Setting Things Up the Way You Like

Changing your passwords

There are four passwords in our system.


Windows password.

The first time you login you will be asked for a new password.

Windows requires at least eight digits, with three out of four types

in it. The types are lowercase, Uppercase, numerial and special.

Special are one like semi colons periods etc.


Unix passwords.

You have been issued a password. Your mail and web pages are located on To login to fisher use the Xwindows on a windows terminal. Or any ssh program will let you login such as putty. One you login you change your password with the command


> passwd


It will prompt you for all the information.


You should try to keep your passwords the same for all the systems.


Windows     email,web                  sas, matlab etc.      R etc.


Any problems contact me.


Dermot Whelan – Room 6015 416-978-5166



Some programs can be customized to suit your personal circumstances or preferences. For many Unix programs, this is done by setting variables in the .profile file, which is read when you log in, and when you create another shell window.

  • Setting Unix options in your .profile file
  • Changing the shell program you use

You can also customize things by writing little shell files that do things you often want to do.

Setting Unix options in your .profile file

When you log in, or create a new xterm window, the commands kept in the file .profile in your home directory will be executed. One use of this facility is to set certain “environment variables”, which control the way various programs behave.

A sample .profile file is available, which shows how to set various useful options. You can copy this to your account by issuing the command

cp /local/doc/sample.profile .profile

when you are in your home directory (you can type “cd” to make sure of this). (Note that the ls command does not list files such as this that start with “.”, unless you give it the “-a” option.) Once you have copied the sample .profile to your directory, you can use a text editor to modify it to suit your preferences, following the directions in the comments it contains. The sample .profile has options that control the following:

  • Whether files you create are readable by other users.
  • Which key you want to use to correct typing errors.
  • Which directories should be searched for programs.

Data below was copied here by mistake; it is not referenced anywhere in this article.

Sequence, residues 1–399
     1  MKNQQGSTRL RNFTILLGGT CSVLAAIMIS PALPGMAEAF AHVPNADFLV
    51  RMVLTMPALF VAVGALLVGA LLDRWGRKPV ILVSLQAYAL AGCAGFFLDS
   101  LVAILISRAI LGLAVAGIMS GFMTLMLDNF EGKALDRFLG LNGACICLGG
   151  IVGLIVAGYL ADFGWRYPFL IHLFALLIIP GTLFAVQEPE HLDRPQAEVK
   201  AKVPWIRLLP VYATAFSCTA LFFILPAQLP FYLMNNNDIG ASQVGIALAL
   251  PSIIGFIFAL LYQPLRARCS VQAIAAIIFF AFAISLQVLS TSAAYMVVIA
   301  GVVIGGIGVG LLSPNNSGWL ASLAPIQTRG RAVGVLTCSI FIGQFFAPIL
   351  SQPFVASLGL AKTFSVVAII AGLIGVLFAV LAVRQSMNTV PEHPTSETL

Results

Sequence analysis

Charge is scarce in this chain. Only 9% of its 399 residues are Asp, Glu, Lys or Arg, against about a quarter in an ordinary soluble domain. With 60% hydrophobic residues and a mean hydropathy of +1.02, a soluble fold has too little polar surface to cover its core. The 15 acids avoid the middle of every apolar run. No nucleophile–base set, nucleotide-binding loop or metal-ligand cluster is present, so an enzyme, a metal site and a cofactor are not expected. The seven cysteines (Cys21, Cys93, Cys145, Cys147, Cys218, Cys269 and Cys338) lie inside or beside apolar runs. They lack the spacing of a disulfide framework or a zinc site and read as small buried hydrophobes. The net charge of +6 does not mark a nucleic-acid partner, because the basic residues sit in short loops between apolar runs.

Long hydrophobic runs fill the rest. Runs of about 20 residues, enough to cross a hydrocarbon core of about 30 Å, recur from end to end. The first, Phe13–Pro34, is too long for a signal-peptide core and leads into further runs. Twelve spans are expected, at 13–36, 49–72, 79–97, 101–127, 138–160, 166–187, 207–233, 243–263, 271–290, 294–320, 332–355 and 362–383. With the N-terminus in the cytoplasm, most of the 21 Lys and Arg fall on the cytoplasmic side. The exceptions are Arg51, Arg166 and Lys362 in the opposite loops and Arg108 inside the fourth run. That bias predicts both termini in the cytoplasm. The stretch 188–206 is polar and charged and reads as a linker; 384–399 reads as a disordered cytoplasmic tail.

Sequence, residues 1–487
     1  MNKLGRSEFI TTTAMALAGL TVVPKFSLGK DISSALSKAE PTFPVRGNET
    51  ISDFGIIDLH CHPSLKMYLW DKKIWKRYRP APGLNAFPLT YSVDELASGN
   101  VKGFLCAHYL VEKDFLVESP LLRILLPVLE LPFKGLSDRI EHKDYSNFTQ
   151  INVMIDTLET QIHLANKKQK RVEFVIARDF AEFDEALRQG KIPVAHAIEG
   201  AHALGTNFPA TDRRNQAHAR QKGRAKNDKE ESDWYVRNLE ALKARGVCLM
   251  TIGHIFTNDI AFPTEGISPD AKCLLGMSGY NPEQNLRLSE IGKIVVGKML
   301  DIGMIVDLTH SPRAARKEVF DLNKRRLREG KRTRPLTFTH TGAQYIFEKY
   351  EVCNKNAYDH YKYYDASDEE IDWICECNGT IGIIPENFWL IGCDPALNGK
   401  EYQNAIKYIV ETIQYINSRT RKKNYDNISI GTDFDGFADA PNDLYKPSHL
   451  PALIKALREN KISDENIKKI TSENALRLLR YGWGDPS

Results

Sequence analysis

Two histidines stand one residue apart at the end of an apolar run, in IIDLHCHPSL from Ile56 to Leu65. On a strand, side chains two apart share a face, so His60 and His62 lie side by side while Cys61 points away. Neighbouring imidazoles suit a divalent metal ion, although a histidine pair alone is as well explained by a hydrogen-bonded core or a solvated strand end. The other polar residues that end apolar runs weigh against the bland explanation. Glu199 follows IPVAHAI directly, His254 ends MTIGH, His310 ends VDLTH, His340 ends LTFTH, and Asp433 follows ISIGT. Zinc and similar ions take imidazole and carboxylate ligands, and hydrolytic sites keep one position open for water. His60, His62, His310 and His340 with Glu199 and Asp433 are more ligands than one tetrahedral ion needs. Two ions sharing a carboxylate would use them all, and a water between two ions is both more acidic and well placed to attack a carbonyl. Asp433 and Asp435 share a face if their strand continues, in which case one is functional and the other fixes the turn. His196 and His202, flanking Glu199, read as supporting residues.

• Which text editor you wish to use (also the line editing scheme used by the shell) .
  • Which printer you normally use.
  • Which “pager” you wish to use.
  • Commands for S/S-Plus to execute when started.
  • Which style of command line editing S-Plus uses.

If you already have a .profile file, you may still wish to take a look at the sample .profile file to see if you want to include some of the commands there in your own .profile.

Note that a new .profile file has no effect until you log in again. If you put something bad in your .profile, it’s possible that you won’t be able to log in anymore. You may be able to log in in a “failsafe” mode that bypasses your .profile, after which you can fix the .profile. Alternatively, you could find someone else who is logged in, use the command su to change to your account, and then fix it.

Changing the shell program you use

The “shell” program interprets the Unix commands that you type. By default, you will be using the “Bourne” shell, sh. Many people prefer to use the “C shell”, csh, or its extended version, tcsh, which implements line editing commands, which save on typing when you get a command slightly wrong, or want to repeat it.

There are ways of setting things up so that some other shell will be started automatically when you log in, but unfortunately, there are some complications with doing this. For the moment, if you want to use another shell, you should probably start it manually (for instance, by typing “tcsh” to the old shell). Do this after creating your usual collection of windows. If you want to exit from an xterm window in which you did this, you will need to type “exit” twice, in order to leave both shells.


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